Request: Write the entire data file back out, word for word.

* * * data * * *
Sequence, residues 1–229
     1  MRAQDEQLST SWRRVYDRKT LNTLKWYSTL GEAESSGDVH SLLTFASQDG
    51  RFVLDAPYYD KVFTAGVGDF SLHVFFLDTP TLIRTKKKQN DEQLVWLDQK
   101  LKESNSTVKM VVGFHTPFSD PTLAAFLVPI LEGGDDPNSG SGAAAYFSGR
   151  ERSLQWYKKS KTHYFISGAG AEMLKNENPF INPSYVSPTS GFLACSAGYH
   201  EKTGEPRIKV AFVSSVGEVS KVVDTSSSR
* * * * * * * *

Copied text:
Sequence, residues 1–229
     1  MRAQDEQLST SWRRVYDRKT LNTLKWYSTL GEAESSGDVH SLLTFASQDG
    51  RFVLDAPYYD KVFTAGVGDF SLHVFFLDTP TLIRTKKKQN DEQLVWLDQK
   101  LKESNSTVKM VVGFHTPFSD PTLAAFLVPI LEGGDDPNSG SGAAAYFSGR
   151  ERSLQWYKKS KTHYFISGAG AEMLKNENPF INPSYVSPTS GFLACSAGYH
   201  EKTGEPRIKV AFVSSVGEVS KVVDTSSSR